Over the years, we’ve seen officers on video doing paperwork, talking on their cell phones, or chatting with other officers. Sometimes, you can see the officer walking into or out of the room. If the arresting officer and breath test operator are engaged in other activities and don’t monitor the defendant carefully, then the results are not accurate or reliable.
If the officer did not notice that the subject had a polite, quiet, or undetected little burp or micro-burp, then the contaminates in the oral pathway might cause an artificially inflated reading.
These undetected sources of contamination need to be identified so that the 20-minute observation period can be restarted. For this reason, the officer should engage in close and continuous observation of the test subject.
Consequence of Violating the 20 minute Observation Period
If the 20 minute observation period was not properly followed, then the Defendant can file a motion to suppress or exclude the test results by arguing that he was involuntarily coerced into submitting without the benefit of a search warrant, in violation of Fla. Stat. § 316.1932(1)(a) and (1)(b)2.
Those provisions state that analysis of the driver’s breath must have been performed in “substantial accordance” with the methods approved by the FDLE.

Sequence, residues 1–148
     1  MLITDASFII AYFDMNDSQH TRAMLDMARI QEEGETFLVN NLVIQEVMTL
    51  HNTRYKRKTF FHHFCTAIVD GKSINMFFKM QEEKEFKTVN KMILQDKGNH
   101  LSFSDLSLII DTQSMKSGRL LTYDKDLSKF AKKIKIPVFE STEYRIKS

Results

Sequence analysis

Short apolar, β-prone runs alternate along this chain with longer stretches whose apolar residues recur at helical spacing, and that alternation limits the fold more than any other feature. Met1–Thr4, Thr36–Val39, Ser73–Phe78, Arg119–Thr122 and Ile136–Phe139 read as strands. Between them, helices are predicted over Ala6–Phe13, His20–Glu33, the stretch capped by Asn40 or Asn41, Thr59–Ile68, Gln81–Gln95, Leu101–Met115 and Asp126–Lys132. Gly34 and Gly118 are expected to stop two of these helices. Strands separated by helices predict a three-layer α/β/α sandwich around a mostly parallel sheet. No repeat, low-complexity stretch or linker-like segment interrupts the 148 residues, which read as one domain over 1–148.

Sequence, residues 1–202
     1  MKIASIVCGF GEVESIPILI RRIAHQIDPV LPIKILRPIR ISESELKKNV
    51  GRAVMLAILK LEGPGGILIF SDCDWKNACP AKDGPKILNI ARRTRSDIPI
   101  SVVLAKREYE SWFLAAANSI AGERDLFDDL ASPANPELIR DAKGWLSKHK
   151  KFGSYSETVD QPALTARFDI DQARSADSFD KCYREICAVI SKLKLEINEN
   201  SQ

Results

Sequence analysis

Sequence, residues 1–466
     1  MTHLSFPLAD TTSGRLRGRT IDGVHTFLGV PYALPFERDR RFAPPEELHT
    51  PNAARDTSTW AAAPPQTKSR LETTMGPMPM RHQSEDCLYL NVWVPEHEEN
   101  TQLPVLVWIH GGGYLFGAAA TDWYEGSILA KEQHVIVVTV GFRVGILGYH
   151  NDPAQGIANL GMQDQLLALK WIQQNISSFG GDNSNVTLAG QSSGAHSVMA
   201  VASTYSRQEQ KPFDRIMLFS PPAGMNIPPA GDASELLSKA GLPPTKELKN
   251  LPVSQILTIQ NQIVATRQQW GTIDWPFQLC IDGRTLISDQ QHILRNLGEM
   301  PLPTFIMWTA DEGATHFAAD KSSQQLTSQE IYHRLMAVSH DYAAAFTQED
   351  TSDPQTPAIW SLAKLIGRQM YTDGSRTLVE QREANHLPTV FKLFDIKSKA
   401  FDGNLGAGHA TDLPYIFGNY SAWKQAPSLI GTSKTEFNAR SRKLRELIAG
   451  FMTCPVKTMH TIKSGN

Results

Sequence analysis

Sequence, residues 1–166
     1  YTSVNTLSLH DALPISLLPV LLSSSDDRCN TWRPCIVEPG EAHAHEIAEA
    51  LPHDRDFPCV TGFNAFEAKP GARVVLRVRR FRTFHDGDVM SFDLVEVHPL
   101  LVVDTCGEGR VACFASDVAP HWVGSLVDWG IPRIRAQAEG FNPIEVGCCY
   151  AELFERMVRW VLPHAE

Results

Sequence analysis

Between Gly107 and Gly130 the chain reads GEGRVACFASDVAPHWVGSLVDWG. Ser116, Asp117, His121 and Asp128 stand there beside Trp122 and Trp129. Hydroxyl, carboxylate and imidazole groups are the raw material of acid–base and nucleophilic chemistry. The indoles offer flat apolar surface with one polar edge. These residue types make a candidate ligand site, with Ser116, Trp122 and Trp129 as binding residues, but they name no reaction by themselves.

The burden is then passed to the prosecutor and the State of Florida to show substantial compliance with those requirements. Other attacks can be based on the Fourth and Fourteenth Amendments to the United States Constitution, Article I, Section 12 of the Florida Constitution, and the Defendant’s right to due process of law under Article I, Section 9 of the Florida Constitution and the Fifth and Fourteenth Amendments to the United States Constitution.
First, the Court must consider Florida Statutes § 316.1932 (1)(b)(2), which states, in part:
“An analysis of a person’s breath, in order to be considered valid under this section, must have been performed substantially according to methods approved by the Department of Law Enforcement. . . . Any insubstantial differences between approved techniques and actual testing procedures in any individual case do not render the test or test results invalid.”
Next, the Court considers Florida Administrative Code 11D-8.007(3), which states that “[t]he breath test operator, agency inspector, arresting officer, or person designated by the permit holder shall reasonably ensure that the subject has not taken anything by mouth or has not regurgitated for at least twenty (20) minutes before administering the test. . . .”